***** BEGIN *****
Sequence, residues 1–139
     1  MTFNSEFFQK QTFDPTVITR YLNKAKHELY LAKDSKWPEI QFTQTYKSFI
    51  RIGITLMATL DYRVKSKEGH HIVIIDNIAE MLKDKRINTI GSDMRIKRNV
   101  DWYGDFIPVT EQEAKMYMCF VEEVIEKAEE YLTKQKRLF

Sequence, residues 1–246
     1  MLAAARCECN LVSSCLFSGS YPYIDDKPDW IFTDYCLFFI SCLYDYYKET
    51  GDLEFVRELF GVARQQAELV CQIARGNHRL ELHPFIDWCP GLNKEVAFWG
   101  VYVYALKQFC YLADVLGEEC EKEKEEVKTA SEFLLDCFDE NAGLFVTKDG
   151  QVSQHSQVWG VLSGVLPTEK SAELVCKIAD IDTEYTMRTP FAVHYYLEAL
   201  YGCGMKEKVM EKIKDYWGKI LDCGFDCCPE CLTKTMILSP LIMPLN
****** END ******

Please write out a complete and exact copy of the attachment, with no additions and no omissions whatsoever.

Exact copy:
Sequence, residues 1–139
     1  MTFNSEFFQK QTFDPTVITR YLNKAKHELY LAKDSKWPEI QFTQTYKSFI
    51  RIGITLMATL DYRVKSKEGH HIVIIDNIAE MLKDKRINTI GSDMRIKRNV
   101  DWYGDFIPVT EQEAKMYMCF VEEVIEKAEE YLTKQKRLF

Sequence, residues 1–246
     1  MLAAARCECN LVSSCLFSGS YPYIDDKPDW IFTDYCLFFI SCLYDYYKET
    51  GDLEFVRELF GVARQQAELV CQIARGNHRL ELHPFIDWCP GLNKEVAFWG
   101  VYVYALKQFC YLADVLGEEC EKEKEEVKTA SEFLLDCFDE NAGLFVTKDG
   151  QVSQHSQVWG VLSGVLPTEK SAELVCKIAD IDTEYTMRTP FAVHYYLEAL
   201  YGCGMKEKVM EKIKDYWGKI LDCGFDCCPE CLTKTMILSP LIMPLN